Weekly Review — June 17, 2014, 8:00 am

Weekly Review

ISIS launches a major offensive in Iraq, the 2014 World Cup begins, and Florida keeps on being Florida

An American Mastiff.

An American Mastiff.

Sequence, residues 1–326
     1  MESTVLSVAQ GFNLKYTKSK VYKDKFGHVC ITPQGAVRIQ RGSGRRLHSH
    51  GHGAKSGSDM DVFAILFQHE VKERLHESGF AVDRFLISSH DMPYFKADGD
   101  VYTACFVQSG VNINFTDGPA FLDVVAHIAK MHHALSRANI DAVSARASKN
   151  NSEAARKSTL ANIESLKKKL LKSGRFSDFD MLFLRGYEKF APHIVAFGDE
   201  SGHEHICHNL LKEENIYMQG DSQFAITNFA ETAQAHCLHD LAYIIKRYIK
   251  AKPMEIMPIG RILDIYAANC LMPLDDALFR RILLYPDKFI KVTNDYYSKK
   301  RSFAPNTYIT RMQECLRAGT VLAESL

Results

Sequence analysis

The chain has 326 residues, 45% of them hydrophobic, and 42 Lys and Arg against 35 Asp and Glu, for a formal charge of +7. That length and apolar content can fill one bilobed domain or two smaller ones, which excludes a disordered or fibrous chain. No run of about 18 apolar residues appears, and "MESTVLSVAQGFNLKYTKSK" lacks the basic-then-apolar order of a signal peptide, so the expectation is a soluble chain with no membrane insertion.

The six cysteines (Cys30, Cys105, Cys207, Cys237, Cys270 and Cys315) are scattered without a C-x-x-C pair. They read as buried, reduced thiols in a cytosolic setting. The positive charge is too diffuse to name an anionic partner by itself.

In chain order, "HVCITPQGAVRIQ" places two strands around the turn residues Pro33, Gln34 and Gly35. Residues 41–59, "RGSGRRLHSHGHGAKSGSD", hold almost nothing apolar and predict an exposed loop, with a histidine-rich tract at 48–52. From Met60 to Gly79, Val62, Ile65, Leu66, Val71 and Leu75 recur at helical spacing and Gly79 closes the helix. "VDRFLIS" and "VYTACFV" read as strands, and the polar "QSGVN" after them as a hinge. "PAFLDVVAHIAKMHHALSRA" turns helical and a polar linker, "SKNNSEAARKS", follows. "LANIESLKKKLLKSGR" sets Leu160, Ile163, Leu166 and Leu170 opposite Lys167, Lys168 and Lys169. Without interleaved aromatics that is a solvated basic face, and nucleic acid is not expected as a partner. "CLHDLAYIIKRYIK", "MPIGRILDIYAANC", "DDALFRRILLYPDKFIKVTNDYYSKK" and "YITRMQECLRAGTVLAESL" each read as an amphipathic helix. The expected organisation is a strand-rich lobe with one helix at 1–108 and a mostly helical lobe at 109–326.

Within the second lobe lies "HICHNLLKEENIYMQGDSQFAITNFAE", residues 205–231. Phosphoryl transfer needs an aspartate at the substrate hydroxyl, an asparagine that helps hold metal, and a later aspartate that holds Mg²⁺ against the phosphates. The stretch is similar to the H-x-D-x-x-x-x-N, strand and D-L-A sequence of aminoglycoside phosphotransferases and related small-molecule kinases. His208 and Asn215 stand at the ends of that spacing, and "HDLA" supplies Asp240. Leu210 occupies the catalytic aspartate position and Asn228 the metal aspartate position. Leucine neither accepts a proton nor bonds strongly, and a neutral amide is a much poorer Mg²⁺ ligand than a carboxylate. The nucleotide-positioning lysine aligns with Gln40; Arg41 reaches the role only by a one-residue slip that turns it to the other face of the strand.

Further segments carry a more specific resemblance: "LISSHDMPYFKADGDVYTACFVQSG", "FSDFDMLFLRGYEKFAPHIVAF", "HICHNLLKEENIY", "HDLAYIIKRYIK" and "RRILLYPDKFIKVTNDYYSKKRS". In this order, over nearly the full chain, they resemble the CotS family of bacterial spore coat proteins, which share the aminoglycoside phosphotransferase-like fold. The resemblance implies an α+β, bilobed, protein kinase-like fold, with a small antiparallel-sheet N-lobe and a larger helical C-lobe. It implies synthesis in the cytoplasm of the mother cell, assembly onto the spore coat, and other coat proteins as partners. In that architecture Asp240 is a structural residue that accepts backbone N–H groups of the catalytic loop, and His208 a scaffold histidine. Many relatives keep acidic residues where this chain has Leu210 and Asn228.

Militants from the Islamic State of Iraq and Syria (ISIS) seized control of Mosul, Iraq’s second-largest city, and stole $450 million from its central bank, then captured Tikrit, the hometown of Saddam Hussein, and other cities as they advanced toward Baghdad and consolidated territory near the Syrian border. Iraqi soldiers abandoned government checkpoints and sold their service weapons, and the military bombed one of its own bases in an attempt to keep militants from seizing more arms. As many as 500,000 residents fled Mosul, and ISIS fighters posted photos online of what they claimed were the mass executions of 1,700 soldiers in Iraq’s northern Saladin Province.[1][2][3][4][5][6][7] President Barack Obama announced that the United States would send an aircraft carrier to the Persian Gulf and deploy about 275 soldiers to provide support for embassy and military personnel, and Iran sent two units from its elite Revolutionary Guard to help fight militants. “We have to turn to the heavyweights,” said an Iraqi cabinet minister. “Iraq has not emerged from the fog at any point after Saddam.” “To just go in and burn up more resources on a place that seems bent on destruction? We had an opportunity there,” said Howard McKeon (R., Calif.), the chairman of the House Armed Services Committee. “We blew it.”[8][9][10] Five American Special Operations personnel and at least one Afghan soldier were killed by a U.S. Air Force bomber that accidentally struck their position in Afghanistan’s southern Zabul Province.[11] Syrian president Bashar al-Assad issued a decree granting amnesty for all crimes except terrorism, announced the release of an equestrian who had been imprisoned for 21 years after winning a race against Bashar’s brother Bassel, and reportedly ordered the bombing of northern Syrian ISIS strongholds in coordination with the government of Iraq. [12][13][14] Former U.S. ambassador to Syria Robert S. Ford urged the United States to provide arms to moderate forces fighting Assad’s government. “More hesitation and unwillingness,” said Ford, “simply hasten the day when American forces will have to intervene.”[15]